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John O | October 2017

New theory gives scientists greater control of properties of 2-D materials


Researchers at Pennsylvania State University (University Park, Pa.) have theorized a method for controlling the grain boundaries of 2-D materials, areas where clusters of atoms meet other clusters on a substrate, which would give scientists greater influence over the properties of the materials that they are creating.

 

 


A grain boundary forms when graphene growth advances past an apex on a conical bump; it terminates at the foot of the bump, where curvature is saddle-like. (Crespi Lab / Penn State)

 

 

According to a report from the university, this new theory could impact the ability of scientists to develop new materials with tuned properties, such as electrical or thermal conductivity, mechanical properties, or magnetism.

 

When 2-D materials are created, researchers deposit atoms onto a substrate and those atoms self-arrange into crystalline clusters called grains. As the grains expand, they connect with other clusters and the area that they meet is called the grain boundary. Until now, that boundary area has been arbitrary, but it has a significant impact on a material’s properties.

 

Researchers theorized that “by manipulating the underlying substrate, they could predetermine where the grain boundaries would begin and end, and make them line up in orderly positions. The key shapes were based on something called Gaussian curvature, a series of hemispherical bumps and dips on a substrate that resembles an egg carton.”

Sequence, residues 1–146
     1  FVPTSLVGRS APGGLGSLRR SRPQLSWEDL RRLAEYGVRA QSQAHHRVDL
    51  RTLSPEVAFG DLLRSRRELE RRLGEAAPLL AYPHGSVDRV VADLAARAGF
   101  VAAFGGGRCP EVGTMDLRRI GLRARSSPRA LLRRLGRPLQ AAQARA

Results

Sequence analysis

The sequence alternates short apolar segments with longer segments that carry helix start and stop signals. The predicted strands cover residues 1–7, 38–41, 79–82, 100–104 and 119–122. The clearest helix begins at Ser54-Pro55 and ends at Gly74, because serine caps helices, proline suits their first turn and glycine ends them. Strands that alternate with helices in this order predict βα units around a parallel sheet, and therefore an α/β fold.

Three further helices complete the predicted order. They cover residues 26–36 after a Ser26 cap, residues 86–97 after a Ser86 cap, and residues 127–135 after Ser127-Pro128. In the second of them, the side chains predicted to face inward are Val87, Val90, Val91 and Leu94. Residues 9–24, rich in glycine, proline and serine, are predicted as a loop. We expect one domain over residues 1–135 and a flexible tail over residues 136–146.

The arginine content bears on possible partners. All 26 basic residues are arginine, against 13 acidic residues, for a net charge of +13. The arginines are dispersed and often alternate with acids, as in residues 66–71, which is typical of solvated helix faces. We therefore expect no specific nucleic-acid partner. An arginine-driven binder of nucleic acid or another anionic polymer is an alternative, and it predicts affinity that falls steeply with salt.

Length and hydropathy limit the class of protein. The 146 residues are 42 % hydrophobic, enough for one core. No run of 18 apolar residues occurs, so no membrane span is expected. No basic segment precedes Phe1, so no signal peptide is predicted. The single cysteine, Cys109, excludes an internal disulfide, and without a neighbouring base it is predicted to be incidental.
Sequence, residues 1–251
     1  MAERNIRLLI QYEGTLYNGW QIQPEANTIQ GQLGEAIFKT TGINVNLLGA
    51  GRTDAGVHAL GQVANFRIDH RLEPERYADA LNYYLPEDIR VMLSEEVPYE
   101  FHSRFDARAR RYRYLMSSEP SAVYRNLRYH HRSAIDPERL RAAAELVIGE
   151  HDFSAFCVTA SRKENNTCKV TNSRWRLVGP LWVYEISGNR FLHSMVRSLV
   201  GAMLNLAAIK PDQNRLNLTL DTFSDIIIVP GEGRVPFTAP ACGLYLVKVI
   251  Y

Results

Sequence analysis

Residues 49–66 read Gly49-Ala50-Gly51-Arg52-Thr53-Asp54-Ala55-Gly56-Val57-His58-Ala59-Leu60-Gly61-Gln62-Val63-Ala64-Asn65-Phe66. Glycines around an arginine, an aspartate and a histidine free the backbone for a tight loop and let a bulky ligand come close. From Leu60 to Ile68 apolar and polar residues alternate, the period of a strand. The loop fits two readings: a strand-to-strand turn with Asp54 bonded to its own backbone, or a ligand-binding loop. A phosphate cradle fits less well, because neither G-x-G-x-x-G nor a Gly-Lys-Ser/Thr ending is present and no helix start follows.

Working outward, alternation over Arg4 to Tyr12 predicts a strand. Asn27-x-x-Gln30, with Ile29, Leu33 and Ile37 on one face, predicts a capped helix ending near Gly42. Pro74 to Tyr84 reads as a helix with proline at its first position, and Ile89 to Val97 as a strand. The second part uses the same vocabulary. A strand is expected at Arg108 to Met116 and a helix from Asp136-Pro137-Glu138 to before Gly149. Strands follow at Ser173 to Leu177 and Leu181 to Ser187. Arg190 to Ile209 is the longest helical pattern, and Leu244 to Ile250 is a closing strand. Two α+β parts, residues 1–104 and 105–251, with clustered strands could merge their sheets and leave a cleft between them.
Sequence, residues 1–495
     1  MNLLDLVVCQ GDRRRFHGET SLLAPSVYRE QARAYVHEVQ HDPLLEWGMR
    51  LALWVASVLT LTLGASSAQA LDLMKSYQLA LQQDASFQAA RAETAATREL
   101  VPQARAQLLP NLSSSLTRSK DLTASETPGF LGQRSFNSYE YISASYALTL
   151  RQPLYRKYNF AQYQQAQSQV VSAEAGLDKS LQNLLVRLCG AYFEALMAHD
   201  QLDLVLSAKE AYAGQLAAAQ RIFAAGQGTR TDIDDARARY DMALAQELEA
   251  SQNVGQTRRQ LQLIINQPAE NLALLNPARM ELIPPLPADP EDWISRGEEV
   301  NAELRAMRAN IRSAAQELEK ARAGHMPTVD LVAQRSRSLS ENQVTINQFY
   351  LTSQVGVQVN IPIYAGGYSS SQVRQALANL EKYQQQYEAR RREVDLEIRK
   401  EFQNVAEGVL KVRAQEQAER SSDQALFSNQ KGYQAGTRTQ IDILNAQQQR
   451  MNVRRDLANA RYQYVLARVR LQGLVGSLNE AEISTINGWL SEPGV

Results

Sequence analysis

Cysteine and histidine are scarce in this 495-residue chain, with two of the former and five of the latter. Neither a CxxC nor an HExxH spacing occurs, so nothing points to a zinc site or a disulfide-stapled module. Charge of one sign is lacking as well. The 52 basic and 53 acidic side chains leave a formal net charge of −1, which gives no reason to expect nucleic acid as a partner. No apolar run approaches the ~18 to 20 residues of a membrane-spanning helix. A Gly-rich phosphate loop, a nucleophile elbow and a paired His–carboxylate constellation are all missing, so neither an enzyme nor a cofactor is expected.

Calculations demonstrated that in graphene and molybdenum disulfide (two of the most widely studied 2-D materials) the growth would form grain boundaries in pre-determined places without generating folds by detaching from the substrate.

 

Dr. Vincent Crespi, who led the research, noted, “We didn't know we could have such fine control of grain boundaries, and so we didn't think about carefully studying the magnetic, thermal and electronic properties of grain boundaries with an eye toward creating 'grain boundary materials' whose properties are determined by a controlled distribution of specified grain boundaries."

 

The research was recently published in Nano Letters. The abstract stated:

 

“Grain boundaries in two-dimensional crystals are usually thought to separate distinct crystallites and as such they must either form closed loops or terminate at the boundary of a sample. However, when an atomically thin two-dimensional crystal grows on a substrate of nonzero Gaussian curvature, it can develop finite-length grain boundaries that terminate abruptly within a monocrystalline domain.

 

“We show that by properly designing the substrate topography, these grain boundaries can be placed at desired locations and at specified misfit angles, as the thermodynamic ground state of a two-dimensional (2D) system bound to a substrate.

 

“Compared against the hypothetical competition of growing defectless 2D materials on a Gaussian-curved substrate with consequential fold development or detachment from the substrate, the nucleation and formation of finite-length grain boundaries can be made energetically favorably given sufficient substrate adhesion on the order of tens of meV/Å2 for typical 2D materials.

 

“New properties specific to certain grain boundary geometries, including magnetism and metallicity, can thus be engineered into 2D crystals through topographic design of their substrates.”

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